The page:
I Teach Electives; They’re No Joke
A high school teacher explains that her classes are just as valuable as reading, writing and arithmetic.
Ever since I was in middle school, I knew I wanted to be a teacher. I loved my high school experiences, especially those afforded by my elective teachers. This included two teachers who both taught “Parenting Decisions” and a “Food for Thought” class. Each day, I lived for these classes. I loved learning about the psychology of people, how babies develop, different parenting styles and, of course, the vast world of culinary studies.
I would soak up the information like a sponge, always curious and always wanting to understand more. When I started college, I knew I wanted to follow in the footsteps of my high school teachers and teach Family and Consumer Science (FACS) courses. Little did I know that this program was taught overwhelmingly by older females. The rate of new teachers entering the program was so low that it was discontinued at my university the year that I moved home and began student teaching.
When I started applying for jobs nearly ten years ago, I noticed that each high school offered varied but limited FACS courses, including many I hadn’t been exposed to during my student teaching. For example, I continuously saw open positions for classes such as “Sewing 101,” “Interior Design” or “Life Management.” This made it very difficult to find high school FACS jobs within a state to which I would consider packing up and moving.
I couldn’t justify teaching a subject about which I wasn’t passionate.
Finally, after many days searching for courses I wanted to teach and a handful of interviews later, I found a high school position teaching “Culinary Nutrition” and “International Cuisine.” I uprooted my life from the Midwest to the East Coast and started my teaching career in Southern Maryland.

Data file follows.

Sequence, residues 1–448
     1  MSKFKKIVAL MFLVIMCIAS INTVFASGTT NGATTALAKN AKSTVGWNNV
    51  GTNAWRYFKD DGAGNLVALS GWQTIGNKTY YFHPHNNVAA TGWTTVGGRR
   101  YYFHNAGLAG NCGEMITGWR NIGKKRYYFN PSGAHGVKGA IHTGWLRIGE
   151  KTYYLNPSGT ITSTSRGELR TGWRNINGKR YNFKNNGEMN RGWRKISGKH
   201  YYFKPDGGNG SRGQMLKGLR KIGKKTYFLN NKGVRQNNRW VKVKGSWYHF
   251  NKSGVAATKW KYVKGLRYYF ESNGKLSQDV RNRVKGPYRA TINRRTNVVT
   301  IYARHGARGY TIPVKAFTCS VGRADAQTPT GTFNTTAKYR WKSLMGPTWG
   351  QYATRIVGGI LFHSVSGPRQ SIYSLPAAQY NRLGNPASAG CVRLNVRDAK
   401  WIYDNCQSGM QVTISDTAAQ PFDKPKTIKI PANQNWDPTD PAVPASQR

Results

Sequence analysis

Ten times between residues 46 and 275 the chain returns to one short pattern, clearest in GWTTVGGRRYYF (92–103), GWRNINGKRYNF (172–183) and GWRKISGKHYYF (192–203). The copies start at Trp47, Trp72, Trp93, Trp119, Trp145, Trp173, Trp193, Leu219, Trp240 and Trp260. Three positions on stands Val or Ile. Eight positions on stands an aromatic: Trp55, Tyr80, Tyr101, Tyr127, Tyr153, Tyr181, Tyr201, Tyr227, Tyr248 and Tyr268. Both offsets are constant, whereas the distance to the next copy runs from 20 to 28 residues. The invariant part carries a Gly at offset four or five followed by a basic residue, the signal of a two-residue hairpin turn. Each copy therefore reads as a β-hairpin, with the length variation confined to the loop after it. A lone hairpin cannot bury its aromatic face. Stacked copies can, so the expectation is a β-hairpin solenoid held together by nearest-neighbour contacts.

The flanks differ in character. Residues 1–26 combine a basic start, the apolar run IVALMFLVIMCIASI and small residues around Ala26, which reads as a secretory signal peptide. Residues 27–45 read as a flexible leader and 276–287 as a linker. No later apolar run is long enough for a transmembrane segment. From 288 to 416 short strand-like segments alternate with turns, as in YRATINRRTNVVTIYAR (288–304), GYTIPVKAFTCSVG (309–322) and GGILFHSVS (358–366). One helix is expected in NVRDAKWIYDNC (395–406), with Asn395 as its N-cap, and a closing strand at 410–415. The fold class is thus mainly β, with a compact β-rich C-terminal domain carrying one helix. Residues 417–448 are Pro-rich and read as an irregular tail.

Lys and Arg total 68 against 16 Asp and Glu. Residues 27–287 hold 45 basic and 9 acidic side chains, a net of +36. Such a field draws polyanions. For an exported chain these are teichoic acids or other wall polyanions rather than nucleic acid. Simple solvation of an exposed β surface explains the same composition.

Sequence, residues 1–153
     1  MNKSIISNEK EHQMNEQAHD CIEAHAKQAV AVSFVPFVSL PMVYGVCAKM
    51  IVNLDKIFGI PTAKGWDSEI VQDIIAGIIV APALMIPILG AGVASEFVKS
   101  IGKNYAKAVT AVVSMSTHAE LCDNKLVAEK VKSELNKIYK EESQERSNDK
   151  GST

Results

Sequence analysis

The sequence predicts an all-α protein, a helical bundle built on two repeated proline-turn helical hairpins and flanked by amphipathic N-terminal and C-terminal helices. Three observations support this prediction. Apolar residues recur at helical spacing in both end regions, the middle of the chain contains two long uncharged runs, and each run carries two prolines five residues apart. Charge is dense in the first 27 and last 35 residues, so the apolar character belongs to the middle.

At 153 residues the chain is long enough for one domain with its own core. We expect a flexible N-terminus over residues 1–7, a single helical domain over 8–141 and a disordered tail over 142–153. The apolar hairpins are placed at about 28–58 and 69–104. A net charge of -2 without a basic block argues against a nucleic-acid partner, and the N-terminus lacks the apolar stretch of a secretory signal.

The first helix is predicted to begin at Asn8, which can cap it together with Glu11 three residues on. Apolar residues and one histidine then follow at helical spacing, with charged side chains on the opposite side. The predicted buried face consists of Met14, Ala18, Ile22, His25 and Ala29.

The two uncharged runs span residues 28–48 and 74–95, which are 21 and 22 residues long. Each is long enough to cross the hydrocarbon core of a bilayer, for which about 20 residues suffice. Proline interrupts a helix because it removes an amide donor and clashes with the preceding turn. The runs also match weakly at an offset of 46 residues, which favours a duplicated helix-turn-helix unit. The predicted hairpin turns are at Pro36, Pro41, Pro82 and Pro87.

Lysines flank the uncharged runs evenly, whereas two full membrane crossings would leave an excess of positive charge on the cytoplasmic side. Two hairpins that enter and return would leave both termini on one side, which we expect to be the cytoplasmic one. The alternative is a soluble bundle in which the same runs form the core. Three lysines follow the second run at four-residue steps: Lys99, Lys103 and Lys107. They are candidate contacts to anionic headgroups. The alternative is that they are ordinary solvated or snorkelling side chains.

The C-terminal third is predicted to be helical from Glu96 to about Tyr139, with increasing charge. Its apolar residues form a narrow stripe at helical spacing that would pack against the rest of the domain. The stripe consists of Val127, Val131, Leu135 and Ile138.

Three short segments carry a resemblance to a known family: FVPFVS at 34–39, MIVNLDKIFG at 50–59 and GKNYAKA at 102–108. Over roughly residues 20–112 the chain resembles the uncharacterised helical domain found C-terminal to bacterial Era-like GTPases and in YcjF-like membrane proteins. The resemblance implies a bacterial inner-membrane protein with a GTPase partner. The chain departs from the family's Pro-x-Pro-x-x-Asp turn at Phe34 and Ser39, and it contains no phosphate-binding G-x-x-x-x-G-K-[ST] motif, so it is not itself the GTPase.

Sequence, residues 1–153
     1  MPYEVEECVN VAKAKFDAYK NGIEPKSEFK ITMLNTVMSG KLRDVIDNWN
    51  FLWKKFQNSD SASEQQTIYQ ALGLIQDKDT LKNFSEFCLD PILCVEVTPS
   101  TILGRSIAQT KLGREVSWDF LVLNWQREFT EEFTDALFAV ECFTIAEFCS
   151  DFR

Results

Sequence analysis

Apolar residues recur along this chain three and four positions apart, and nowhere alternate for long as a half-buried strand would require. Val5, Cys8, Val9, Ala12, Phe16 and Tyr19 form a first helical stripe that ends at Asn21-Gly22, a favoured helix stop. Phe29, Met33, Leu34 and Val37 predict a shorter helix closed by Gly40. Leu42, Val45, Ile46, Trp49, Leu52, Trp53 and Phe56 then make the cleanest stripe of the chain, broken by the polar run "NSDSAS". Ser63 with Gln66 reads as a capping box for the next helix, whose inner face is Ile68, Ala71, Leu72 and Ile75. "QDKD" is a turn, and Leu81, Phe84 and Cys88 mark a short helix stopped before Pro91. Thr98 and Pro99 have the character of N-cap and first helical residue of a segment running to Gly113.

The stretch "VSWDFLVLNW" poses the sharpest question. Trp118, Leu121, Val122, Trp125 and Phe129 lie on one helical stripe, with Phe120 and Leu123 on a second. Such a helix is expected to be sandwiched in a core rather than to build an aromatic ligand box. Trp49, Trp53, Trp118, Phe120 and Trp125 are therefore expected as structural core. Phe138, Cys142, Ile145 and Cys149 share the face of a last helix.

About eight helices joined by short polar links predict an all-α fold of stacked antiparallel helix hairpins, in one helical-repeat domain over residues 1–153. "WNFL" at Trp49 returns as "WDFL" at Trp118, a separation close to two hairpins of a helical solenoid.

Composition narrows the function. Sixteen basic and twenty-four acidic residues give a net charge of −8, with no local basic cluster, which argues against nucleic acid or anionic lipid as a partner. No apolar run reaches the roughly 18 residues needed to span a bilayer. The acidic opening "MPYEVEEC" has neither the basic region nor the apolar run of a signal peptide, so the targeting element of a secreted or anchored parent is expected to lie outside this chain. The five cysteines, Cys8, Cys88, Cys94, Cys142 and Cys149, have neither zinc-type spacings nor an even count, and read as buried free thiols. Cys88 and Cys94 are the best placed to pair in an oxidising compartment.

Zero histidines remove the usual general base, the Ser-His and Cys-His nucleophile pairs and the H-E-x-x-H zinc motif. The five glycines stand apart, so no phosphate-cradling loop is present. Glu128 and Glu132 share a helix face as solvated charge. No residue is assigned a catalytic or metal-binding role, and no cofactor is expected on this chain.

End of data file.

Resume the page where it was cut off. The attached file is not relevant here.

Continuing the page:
Electives Have Real Value
At the start of my first year teaching, students always would say, “This class doesn’t really mean anything” or “I don’t even need this class to graduate” or “All we do in this class is cook, right? That’s why I signed up.” To hear that my class was a “joke” was disheartening, but I knew my classes were valuable and wanted students to be as passionate about the subject as I was. I took it upon myself to prove to students that my class was important and provided a skill that everyone should acquire during their high school career.
In staff meetings, I would hear the push for standardized testing, prep for SAT and ACT, and guarantees that students covered everything in the Common CORE before they graduated. Math, science, English and social studies were always hot topics of conversation. After-school tutoring and credit recovery were promoted for students in order to get extra help, pass courses and check all the boxes along the way. This left elective classes as a last resort for students if they had room in their schedule or needed an elective credit to graduate. Class sizes were kept small and some students were “placed” in my classroom in order to meet their graduation requirements.